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Ruskin Linen Industry
Biographical Account:

Albert Fleming, a trustee of the Guild of St George and his housekeeper, Marion Twelves set up the Linen Industry in the Lake District in 1883. With funding from the Guild of St George, Miss Twelves taught women in the Lake District to spin linen thread and produce embroidery and lace on quality hand-loomed cloth. These products could then be sold. Their aim was to create good quality products through skilful and creative methods and to run the business as a cottage industry enabling the women were able to work at home rather than in unhealthy factories.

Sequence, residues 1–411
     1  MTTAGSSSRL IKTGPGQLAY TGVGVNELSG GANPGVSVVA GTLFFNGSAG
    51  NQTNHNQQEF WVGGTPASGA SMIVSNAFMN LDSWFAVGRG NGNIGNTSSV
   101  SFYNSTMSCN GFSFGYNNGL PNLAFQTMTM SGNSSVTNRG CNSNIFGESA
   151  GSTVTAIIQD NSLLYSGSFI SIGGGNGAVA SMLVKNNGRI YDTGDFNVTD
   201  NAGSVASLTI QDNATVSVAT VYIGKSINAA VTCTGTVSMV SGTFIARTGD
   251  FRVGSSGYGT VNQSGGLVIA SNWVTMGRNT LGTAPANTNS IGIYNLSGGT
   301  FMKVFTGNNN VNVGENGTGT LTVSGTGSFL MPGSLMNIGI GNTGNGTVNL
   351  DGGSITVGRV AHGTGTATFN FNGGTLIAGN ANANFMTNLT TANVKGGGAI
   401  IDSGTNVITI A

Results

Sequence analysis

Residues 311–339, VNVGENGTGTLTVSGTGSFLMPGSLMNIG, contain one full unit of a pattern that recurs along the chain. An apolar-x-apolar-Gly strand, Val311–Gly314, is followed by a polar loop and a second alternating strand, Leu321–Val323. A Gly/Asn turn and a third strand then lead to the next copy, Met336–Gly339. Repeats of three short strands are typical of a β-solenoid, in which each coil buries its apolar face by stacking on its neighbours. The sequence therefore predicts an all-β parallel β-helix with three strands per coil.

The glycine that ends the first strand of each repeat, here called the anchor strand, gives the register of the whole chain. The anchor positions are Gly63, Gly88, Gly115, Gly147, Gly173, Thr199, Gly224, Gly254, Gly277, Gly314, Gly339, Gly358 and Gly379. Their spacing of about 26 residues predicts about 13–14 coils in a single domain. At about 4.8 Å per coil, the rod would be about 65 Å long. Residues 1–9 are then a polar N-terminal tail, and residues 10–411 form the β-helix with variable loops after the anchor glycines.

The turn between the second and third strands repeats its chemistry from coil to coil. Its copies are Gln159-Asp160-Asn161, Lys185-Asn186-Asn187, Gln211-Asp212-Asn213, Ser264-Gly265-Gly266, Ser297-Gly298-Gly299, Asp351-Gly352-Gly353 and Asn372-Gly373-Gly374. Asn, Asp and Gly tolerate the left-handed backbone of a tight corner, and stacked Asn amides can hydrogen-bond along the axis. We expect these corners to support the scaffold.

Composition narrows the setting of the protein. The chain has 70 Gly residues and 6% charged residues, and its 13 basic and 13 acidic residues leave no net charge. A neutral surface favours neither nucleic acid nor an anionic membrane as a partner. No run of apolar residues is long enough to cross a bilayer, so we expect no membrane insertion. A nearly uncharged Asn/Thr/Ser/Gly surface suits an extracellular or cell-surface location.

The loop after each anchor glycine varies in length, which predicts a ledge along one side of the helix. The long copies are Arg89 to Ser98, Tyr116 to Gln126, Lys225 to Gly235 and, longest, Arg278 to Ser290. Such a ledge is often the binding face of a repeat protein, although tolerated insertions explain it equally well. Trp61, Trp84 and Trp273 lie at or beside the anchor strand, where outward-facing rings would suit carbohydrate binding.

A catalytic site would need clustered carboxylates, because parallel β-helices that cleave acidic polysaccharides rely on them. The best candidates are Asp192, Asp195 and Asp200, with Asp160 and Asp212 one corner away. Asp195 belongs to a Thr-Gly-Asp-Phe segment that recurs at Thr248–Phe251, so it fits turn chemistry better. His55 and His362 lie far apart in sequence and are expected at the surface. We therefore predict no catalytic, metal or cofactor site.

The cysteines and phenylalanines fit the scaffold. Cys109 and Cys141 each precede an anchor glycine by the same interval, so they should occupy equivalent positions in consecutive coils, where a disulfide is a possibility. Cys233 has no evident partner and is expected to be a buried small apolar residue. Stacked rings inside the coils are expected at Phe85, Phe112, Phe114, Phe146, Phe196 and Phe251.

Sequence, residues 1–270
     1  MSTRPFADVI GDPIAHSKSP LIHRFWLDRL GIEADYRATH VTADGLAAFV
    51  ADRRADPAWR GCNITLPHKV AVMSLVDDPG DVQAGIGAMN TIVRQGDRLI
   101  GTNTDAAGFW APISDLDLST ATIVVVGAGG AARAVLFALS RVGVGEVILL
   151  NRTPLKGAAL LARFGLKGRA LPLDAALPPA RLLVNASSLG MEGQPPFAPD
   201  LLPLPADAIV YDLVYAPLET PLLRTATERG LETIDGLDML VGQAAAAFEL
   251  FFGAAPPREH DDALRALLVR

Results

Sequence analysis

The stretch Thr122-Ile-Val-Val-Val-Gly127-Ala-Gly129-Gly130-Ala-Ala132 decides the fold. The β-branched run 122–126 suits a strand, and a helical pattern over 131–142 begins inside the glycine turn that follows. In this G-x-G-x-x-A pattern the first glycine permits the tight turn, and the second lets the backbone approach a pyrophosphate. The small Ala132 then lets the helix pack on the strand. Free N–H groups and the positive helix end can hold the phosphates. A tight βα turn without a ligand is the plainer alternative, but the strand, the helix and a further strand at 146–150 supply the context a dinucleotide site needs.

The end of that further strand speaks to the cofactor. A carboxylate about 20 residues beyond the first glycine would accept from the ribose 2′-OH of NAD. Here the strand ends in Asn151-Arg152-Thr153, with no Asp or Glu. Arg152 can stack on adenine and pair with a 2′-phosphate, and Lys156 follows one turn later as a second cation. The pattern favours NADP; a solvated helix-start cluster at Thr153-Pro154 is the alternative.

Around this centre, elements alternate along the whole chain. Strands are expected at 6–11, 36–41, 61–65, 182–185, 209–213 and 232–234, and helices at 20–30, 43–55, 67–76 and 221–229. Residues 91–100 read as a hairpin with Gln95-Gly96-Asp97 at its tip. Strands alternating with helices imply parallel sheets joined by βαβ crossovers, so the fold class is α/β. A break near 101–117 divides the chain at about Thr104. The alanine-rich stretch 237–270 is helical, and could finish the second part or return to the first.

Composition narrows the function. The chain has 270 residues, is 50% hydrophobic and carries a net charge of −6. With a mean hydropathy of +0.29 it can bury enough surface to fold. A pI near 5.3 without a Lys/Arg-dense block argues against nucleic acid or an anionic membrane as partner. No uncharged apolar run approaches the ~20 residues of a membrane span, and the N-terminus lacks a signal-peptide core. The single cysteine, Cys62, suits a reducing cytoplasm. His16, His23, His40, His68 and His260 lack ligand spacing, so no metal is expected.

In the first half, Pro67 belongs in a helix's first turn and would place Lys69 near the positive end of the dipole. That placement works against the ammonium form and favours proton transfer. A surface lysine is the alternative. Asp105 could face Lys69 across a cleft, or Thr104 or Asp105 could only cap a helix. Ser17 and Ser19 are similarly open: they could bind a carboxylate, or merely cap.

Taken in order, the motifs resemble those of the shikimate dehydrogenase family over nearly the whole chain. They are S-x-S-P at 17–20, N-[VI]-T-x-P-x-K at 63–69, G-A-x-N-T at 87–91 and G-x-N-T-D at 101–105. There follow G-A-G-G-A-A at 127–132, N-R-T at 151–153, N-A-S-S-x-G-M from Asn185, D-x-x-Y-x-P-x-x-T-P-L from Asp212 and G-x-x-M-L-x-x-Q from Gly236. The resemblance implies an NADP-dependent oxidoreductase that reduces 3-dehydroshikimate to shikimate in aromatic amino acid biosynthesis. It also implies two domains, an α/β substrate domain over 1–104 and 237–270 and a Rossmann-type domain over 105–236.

In 1894, Ruskin allowed Miss Twelves to re-name the industry with his name. The industry was successful, selling even to royalty and it influenced new cottage industries such as the St George’s Spinners, based in Liverpool. The Ruskin Linen Industry was unable to continue after the 1920s; nonetheless, Ruskin lace and linen work continues to be taught and is still practiced privately.


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